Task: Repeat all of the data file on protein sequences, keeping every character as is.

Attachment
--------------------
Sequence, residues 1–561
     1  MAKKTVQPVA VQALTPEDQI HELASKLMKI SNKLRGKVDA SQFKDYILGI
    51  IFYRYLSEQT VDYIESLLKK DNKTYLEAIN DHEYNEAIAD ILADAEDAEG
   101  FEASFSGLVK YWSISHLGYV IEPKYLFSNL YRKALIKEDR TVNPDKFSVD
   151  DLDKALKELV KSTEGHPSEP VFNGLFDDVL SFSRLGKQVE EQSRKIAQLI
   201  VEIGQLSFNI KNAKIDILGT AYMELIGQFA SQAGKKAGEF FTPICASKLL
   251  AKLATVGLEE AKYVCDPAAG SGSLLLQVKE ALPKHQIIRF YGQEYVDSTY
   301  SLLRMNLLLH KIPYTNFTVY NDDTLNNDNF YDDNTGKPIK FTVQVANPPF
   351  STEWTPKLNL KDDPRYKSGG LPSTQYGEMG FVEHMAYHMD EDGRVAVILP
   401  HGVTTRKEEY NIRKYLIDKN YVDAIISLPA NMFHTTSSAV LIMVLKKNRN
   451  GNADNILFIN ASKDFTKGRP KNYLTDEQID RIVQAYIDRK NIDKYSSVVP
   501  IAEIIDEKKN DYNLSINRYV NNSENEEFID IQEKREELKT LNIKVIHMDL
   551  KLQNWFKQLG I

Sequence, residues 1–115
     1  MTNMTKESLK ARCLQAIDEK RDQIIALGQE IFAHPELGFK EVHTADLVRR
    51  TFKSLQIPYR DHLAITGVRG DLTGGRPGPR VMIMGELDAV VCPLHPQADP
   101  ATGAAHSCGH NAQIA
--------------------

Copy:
Sequence, residues 1–561
     1  MAKKTVQPVA VQALTPEDQI HELASKLMKI SNKLRGKVDA SQFKDYILGI
    51  IFYRYLSEQT VDYIESLLKK DNKTYLEAIN DHEYNEAIAD ILADAEDAEG
   101  FEASFSGLVK YWSISHLGYV IEPKYLFSNL YRKALIKEDR TVNPDKFSVD
   151  DLDKALKELV KSTEGHPSEP VFNGLFDDVL SFSRLGKQVE EQSRKIAQLI
   201  VEIGQLSFNI KNAKIDILGT AYMELIGQFA SQAGKKAGEF FTPICASKLL
   251  AKLATVGLEE AKYVCDPAAG SGSLLLQVKE ALPKHQIIRF YGQEYVDSTY
   301  SLLRMNLLLH KIPYTNFTVY NDDTLNNDNF YDDNTGKPIK FTVQVANPPF
   351  STEWTPKLNL KDDPRYKSGG LPSTQYGEMG FVEHMAYHMD EDGRVAVILP
   401  HGVTTRKEEY NIRKYLIDKN YVDAIISLPA NMFHTTSSAV LIMVLKKNRN
   451  GNADNILFIN ASKDFTKGRP KNYLTDEQID RIVQAYIDRK NIDKYSSVVP
   501  IAEIIDEKKN DYNLSINRYV NNSENEEFID IQEKREELKT LNIKVIHMDL
   551  KLQNWFKQLG I

Sequence, residues 1–115
     1  MTNMTKESLK ARCLQAIDEK RDQIIALGQE IFAHPELGFK EVHTADLVRR
    51  TFKSLQIPYR DHLAITGVRG DLTGGRPGPR VMIMGELDAV VCPLHPQADP
   101  ATGAAHSCGH NAQIA